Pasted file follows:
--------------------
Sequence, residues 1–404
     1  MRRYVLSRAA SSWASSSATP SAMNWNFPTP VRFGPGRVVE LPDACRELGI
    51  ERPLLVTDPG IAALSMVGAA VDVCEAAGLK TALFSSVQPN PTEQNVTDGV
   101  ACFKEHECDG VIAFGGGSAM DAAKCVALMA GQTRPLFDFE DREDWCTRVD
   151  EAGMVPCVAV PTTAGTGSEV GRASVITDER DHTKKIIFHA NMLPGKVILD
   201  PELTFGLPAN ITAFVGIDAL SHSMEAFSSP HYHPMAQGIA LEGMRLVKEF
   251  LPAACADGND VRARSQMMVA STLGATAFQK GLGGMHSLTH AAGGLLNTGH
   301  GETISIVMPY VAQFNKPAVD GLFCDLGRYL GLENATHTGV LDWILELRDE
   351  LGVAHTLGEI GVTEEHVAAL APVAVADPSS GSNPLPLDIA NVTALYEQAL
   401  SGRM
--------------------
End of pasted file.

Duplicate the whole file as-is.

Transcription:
Sequence, residues 1–404
     1  MRRYVLSRAA SSWASSSATP SAMNWNFPTP VRFGPGRVVE LPDACRELGI
    51  ERPLLVTDPG IAALSMVGAA VDVCEAAGLK TALFSSVQPN PTEQNVTDGV
   101  ACFKEHECDG VIAFGGGSAM DAAKCVALMA GQTRPLFDFE DREDWCTRVD
   151  EAGMVPCVAV PTTAGTGSEV GRASVITDER DHTKKIIFHA NMLPGKVILD
   201  PELTFGLPAN ITAFVGIDAL SHSMEAFSSP HYHPMAQGIA LEGMRLVKEF
   251  LPAACADGND VRARSQMMVA STLGATAFQK GLGGMHSLTH AAGGLLNTGH
   301  GETISIVMPY VAQFNKPAVD GLFCDLGRYL GLENATHTGV LDWILELRDE
   351  LGVAHTLGEI GVTEEHVAAL APVAVADPSS GSNPLPLDIA NVTALYEQAL
   401  SGRM